Muije v. DSHS

Annotate this Case

97 Wn.2d 451 (1982)

645 P.2d 1086

LINDA MUIJE, Respondent, v. THE DEPARTMENT OF SOCIAL AND HEALTH SERVICES, ET AL, Petitioners.

No. 48158-0.

The Supreme Court of Washington, En Banc.

June 3, 1982.

Kenneth O. Eikenberry, Attorney General, and Clifford D. Foster, Assistant, for petitioners.

Matt L. Alexander, for respondent.

*452 STAFFORD, J.

The sole issue is whether a state employee appealing a decision of the State Personnel Board must file the petition in Thurston County pursuant to RCW 41.06.200(1) of the State Civil Service Law (CSL) or whether an employee has the option of filing it in the superior court of his or her county of residence pursuant to RCW 34.04.130 of the Administrative Procedure Act (APA).

The facts disclose that respondent, Linda Muije, was a civil service employee of the Department of Social and Health Services (DSHS). In September of 1980, DSHS instituted a reduction-in-force action that caused her to be reassigned to a lower paying position in the classified service. Respondent appealed the agency's action to the State Personnel Board (Board). After a hearing before an examiner the Board affirmed the action.

Following the Board's decision respondent filed an appeal in the King County Superior Court, pursuant to RCW 34.04.130 of the APA. DSHS and the Board moved for a change of venue alleging that under RCW 41.06.200(1) of the CSL, an appeal may be brought only in Thurston County. The trial court denied the motion ruling that the broad venue provisions of RCW 34.04.130(2) prevail over those of RCW 41.06.200(1). Consequently, respondent was permitted to file an appeal in the county of her residence. We reverse the trial court and hold that the venue provisions of the CSL are controlling.

Respondent contends that under the APA, venue is not limited to Thurston County and that she has a right to file the appeal in the county of her residence. The APA provides that any person aggrieved by a final decision by any state agency in a contested case is entitled to judicial review in either Thurston County Superior Court or the county of the petitioner's residence. RCW 34.04.130(1), (2). Further, the APA specifically states that no other procedure is permitted "even though another ... is provided elsewhere by a special statute or a statute of general application." RCW 34.04.130(1). Although several agencies are expressly excluded from coverage of the APA, the Board is *453 not among those listed. RCW 34.04.150.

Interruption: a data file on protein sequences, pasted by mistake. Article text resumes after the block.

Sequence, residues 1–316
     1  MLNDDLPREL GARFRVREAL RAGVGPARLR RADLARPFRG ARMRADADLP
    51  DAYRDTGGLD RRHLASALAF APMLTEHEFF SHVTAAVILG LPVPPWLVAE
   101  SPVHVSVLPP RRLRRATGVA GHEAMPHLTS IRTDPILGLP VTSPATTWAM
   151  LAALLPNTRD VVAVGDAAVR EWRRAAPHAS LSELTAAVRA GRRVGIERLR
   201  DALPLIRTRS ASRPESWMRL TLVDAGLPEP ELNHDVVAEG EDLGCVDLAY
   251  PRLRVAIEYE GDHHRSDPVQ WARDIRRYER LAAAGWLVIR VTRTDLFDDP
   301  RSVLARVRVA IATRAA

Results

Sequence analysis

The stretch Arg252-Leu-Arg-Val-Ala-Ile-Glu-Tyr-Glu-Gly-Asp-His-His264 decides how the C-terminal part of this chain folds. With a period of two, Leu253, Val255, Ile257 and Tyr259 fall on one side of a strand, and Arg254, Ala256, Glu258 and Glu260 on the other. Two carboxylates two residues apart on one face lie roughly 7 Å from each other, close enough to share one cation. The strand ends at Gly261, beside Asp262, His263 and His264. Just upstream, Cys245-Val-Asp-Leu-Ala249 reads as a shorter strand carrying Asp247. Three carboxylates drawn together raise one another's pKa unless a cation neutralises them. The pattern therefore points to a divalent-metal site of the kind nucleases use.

At the time this action was filed, the CSL provided that an "employee may appeal [a decision of the Board] to the superior court of Thurston county". RCW 41.06.200(1).[1] As used therein, the term "may" is not merely permissive. Rather, it provides for the sole and exclusive place of venue. As such it is jurisdictional rather than procedural in nature. See Sim v. State Parks & Rec. Comm'n, 90 Wn.2d 378, 381, 583 P.2d 1193 (1978).

[1, 2] The CSL speaks directly to the appeal of decisions of the Board. On the other hand, the APA only deals generally with review of "any" agency decision. We adhere to the principle that provisions of a specific statute, such as the CSL, will prevail if there is a conflict with provisions of a general statute, such as the APA, and the specific statute is passed subsequent to the APA. Olson v. University of Wash., 89 Wn.2d 558, 562, 573 P.2d 1308 (1978); Knowles v. Holly, 82 Wn.2d 694, 702, 513 P.2d 18 (1973). Thus, despite the express language of the APA we find that the venue provision of the CSL controls.

In Olson we were presented with a challenge analogous to the one at hand. Plaintiff appealed a decision of the Higher Education Personnel Board (HEPB) and we were asked to determine whether the appeal procedures would be governed by the HEPB act or by the APA. The HEPB, as is the case with the Personnel Board, was not expressly excluded from coverage of the APA. Nevertheless, we held that appeals from HEPB decisions were not subject to the APA because the HEPB act was designed specifically to meet the needs of employer-employee relations in institutions of higher learning. The relevant statute was found to provide a detailed procedure for review of HEPB decisions. See Olson, at 561-62. Similarly, the CSL was designed to *454 ensure a system of personnel administration and contains a specific procedure for reviewing decisions of the Board. RCW 41.06.010, .200, .210. Further, this decision is consistent with the law's stated purpose.

Finally, our decision is compatible with the intent of the Legislature to provide for the most convenient forum. The files, records and the agency affected by the challenge are centralized in Thurston County. See Sim, at 383.

We reverse the trial court and remand the cause for entry of an order granting the motion for change of venue in accordance with this opinion.

BRACHTENBACH, C.J., and ROSELLINI, UTTER, DOLLIVER, WILLIAMS, DORE, DIMMICK, and PEARSON, JJ., concur.

NOTES

[1] RCW 41.06.200 has been repealed by recent legislation restructuring civil service appeals by creating a Personnel Appeals Board which replaces the State Personnel Board. Laws of 1981, ch. 311, as codified in RCW 41.64. It is specified therein that an employee may appeal a decision of the Personnel Appeals Board to the Superior Court for Thurston County. RCW 41.64.130.